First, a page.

There is a current ongoing case of an agunah, Nechamah Wasserman, who while unfortunate in that she is still an agunah (for more than 8 years), she is fortunate in that a reputable rabbinic court used Jewish law in this precise yet compassionate way to try to help her.  These rabbis have permitted her to involve the secular courts to help in her fight for her freedom.  This is contrary to rabbinic opinions in the foundational Talmudic text on this issue,(2) though some halakhically precise and compassionate rabbis have interpreted this differently in different eras to help agunot in need of their support.  In the case of Nechamah Wasserman, she was given permission by well known and respected Ultra Orthodox rabbis “to sue in secular court, … for whatever is coming to her and to the children according to Halachah, and should the husband give a Get so as to  exempt himself from these just claims and their consequences, such Get will be clearly and unequivocally valid.”(3)  The complex court case resulted in the incarceration of her husband in jail in New York State as of July 3rd, 2023.  He was officially sentenced to six months in prison due to outstanding child support.  However, there is a formal agreement in place that enables him to forgo any owed child support payments in exchange for the requested get.(4)

The involvement of the secular courts is highly unusual, uncomfortable and so far in this case, not yet successful.  Yes, the get-withholding husband is currently being punished with jail time, but the agunah is still suffering, stuck in a dead marriage and waiting for her get.  The involvement of the secular courts may eventually help this case, but only time will tell.  However, it should be noted that precedent has now been set.  Other agunot, now or in the future, could potentially rely upon the strength of the secular courts as a (new) tool to help end their agunah status.  The agunah crisis is complex and until it is completely solved by radical and compassionate rabbinic leadership, as many tools as possible should be utilized to bring comfort and freedom to those affected by it.(5)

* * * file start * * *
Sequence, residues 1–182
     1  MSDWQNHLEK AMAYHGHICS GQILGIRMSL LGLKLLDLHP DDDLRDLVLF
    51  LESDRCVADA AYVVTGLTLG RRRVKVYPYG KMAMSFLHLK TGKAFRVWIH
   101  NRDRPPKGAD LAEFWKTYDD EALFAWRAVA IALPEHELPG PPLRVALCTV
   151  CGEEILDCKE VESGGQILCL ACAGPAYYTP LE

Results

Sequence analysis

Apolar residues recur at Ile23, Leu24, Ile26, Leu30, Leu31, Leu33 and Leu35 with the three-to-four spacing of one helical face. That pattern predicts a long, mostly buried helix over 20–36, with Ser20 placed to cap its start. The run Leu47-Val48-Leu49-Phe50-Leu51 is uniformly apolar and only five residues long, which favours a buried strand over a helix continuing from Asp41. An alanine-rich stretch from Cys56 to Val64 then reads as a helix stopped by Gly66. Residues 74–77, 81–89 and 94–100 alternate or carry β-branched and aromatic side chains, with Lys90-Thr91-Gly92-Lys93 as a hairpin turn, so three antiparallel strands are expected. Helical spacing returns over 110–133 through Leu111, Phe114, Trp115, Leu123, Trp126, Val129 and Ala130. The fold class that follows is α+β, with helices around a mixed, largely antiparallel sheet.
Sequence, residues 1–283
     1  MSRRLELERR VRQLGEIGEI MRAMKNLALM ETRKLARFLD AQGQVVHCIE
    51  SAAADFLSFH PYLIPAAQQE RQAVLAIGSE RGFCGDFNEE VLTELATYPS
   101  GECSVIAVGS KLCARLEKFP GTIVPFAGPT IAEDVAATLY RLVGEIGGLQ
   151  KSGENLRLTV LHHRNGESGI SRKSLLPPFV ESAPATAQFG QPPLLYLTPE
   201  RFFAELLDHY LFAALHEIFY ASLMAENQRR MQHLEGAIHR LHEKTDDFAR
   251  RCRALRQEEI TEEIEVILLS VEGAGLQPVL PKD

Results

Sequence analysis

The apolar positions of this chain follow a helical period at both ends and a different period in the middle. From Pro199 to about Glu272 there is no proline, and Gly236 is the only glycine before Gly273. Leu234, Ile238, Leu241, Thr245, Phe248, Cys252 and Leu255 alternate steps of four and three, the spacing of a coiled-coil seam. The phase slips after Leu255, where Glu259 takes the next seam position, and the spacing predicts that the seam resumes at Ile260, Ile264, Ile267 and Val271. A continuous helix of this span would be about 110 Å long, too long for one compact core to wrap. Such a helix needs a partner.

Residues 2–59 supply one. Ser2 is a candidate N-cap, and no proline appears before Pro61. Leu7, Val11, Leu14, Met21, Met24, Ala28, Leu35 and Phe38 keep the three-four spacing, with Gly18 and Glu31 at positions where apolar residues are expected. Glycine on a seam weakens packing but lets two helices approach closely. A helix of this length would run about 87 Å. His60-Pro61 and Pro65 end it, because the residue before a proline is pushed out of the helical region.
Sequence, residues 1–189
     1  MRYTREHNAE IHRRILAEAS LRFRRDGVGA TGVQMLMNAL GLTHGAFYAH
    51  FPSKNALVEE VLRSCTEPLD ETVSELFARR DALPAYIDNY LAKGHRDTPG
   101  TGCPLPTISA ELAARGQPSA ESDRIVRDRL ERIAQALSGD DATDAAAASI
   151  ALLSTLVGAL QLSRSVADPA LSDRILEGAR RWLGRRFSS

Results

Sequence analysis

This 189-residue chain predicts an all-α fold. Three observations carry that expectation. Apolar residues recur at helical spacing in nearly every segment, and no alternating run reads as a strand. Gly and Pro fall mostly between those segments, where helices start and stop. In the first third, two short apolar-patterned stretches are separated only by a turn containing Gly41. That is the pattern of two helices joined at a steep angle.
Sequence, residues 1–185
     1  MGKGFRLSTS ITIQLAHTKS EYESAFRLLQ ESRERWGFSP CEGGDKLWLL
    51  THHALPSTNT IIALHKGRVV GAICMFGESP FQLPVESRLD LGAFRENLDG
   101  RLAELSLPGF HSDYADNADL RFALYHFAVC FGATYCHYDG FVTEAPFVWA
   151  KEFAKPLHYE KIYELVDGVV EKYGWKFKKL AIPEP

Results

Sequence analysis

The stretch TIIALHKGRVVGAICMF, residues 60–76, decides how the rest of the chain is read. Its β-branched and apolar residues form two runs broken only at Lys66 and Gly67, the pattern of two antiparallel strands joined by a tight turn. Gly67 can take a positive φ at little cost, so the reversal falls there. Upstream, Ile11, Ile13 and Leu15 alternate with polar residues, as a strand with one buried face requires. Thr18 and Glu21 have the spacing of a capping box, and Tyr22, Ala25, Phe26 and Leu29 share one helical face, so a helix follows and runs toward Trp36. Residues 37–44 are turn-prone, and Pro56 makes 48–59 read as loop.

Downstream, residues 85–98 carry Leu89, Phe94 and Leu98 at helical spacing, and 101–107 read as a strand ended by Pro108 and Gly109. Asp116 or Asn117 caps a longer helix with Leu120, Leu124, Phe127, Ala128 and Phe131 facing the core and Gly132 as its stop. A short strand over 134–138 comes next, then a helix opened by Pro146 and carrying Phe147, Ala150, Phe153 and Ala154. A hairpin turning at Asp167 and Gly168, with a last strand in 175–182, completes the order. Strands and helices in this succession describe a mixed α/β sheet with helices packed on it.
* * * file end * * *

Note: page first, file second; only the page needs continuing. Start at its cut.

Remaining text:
Notes:

  1. This is even more complex in the State of Israel when the government is involved as well.  However, the influence of politics is not only felt in Israel – there are many examples of internal communal politics (including the ‘politics’ of money and wealthy donors who control it) that affect the workings of rabbis and rabbinic courts in Jewish communities all over the world.
  2. See Babylonian Talmud Gittin 88b
  3. This is from the text of the rabbinic ruling in her case.  The full text of the rabbinic ruling, in the original Hebrew with English translation, can be found at https://b.link/wasserman.
  4. https://sign.moveon.org/petitions/you-can-free-an-agunah This website hosts a petition in support of Nechamah Wasserman, explains her situation and posts occasional updates.
  5. Special thanks to Adina Sash, AKA Flatbush Girl of Instagram fame, whose posts brought this case to my attention.
About the Author
Dr. Anna Urowitz-Freudenstein received both her Ph.D. in Midrash and her M.A. in Ancient Judaism from the Jewish Theological Seminary. Her dissertation investigated the workings of Midrash focusing on texts that mention individual women. She has taught university courses both in person and on line and was a contributor to The Torah: A Women's Commentary. She currently teaches at TanenbaumCHAT, where her students know her as Dr. U-F and she is Head of the Department of Jewish Thought. One of the courses she teaches and developed is "Gender and Judaism". Dr. Urowitz-Freudenstein lives in her hometown, Toronto, with her husband and family.
Related Topics
Related Posts